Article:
So on the science fact front I face an uncertain future. In six months time I might be out of a job OR I might be spearheading an initiative that will take most of my time for the next 15 years. There are a lot of “ifs” to fall into place for the latter. So it appears, at least for the next 6-12 months, that the “decision” is not so hard, or at least not so complicated – I need to concentrate on the science. My apologies but this will have to remain cryptically anonymous for the moment.
Continue reading “World building: Reality vs Fiction”
What do I even mean by that? I am coming at that question from two perspectives.
- As a science fiction writer, one often needs to build worlds, political systems, industries and infrastructure … usually so that we have something to pull back down again. So how do these things grow, evolve, come into existence even? Usually, it is a question of scale – and all the pieces of the puzzle being there, being ready, big enough, and open to working towards a bigger goal. But is it evolution or revolution? Is there a tipping point?
- The other is real world – how do whole industries appear? We can also think about things like the industrial revolution, the space race, and perhaps what we call the information revolution, why not Google itself. In all of these cases, they didn’t just happen. Again it was a question of scale – and, like for my first point, all the pieces of the puzzle being there, being ready, big enough, and open to work towards a bigger goal. Where is the tipping point here?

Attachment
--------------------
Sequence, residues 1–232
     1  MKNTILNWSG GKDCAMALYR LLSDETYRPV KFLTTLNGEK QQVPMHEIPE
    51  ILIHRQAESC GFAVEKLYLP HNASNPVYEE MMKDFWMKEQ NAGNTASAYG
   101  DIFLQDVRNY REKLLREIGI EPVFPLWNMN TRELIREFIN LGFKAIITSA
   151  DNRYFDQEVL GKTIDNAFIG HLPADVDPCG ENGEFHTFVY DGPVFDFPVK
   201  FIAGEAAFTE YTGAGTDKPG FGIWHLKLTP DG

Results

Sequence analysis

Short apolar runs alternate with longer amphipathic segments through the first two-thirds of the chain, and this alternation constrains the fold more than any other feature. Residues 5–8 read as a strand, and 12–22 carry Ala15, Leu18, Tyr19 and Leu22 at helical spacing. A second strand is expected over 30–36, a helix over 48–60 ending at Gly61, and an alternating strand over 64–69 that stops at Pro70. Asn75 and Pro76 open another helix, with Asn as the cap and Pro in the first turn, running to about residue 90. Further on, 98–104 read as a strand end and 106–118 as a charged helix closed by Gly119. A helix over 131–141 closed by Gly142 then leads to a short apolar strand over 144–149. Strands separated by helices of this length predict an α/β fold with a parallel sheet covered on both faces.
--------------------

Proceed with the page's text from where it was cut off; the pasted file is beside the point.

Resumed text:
Now, here is a question for you. Do you think anyone saw these revolutions coming? Or, did someone just decide to invest massive amounts of money and presto-magic, revolution?
Clearly, people knew. Let’s consider the space race. On May 25, 1961, President J. F. K. announced the mind blowing goal of sending an American safely to the Moon before the end of the decade. It is clearly not a question of going out to the industrial park and asking the guys to stop making cars and build a space ship. They knew all of the necessary industries were there, albeit in varying degrees of readiness, they “just” needed a push.
Continue reading “A Question of Scale”
I claim to write science facts to science fiction and beyond. I have been, for some time now, more focused on the facts than the fiction. This remains the case – this year I have published or submitted around 10 scientific papers, which is an incredibly good year no matter how you look at it. So if we look at the fiction side of things, I’m still taking baby steps, but this is a long game and this was always the plan.
This year the goal was to read and write as much as I could, without worrying too much about what it was. In a sense, it was a quest to find my style, and more importantly, improve how I write. The only way to do that is to write. I now have first or second drafts of a handful of flash fiction, two and half shorts as well as two novels – one about the third done and the other a bit less, but both are fully planned.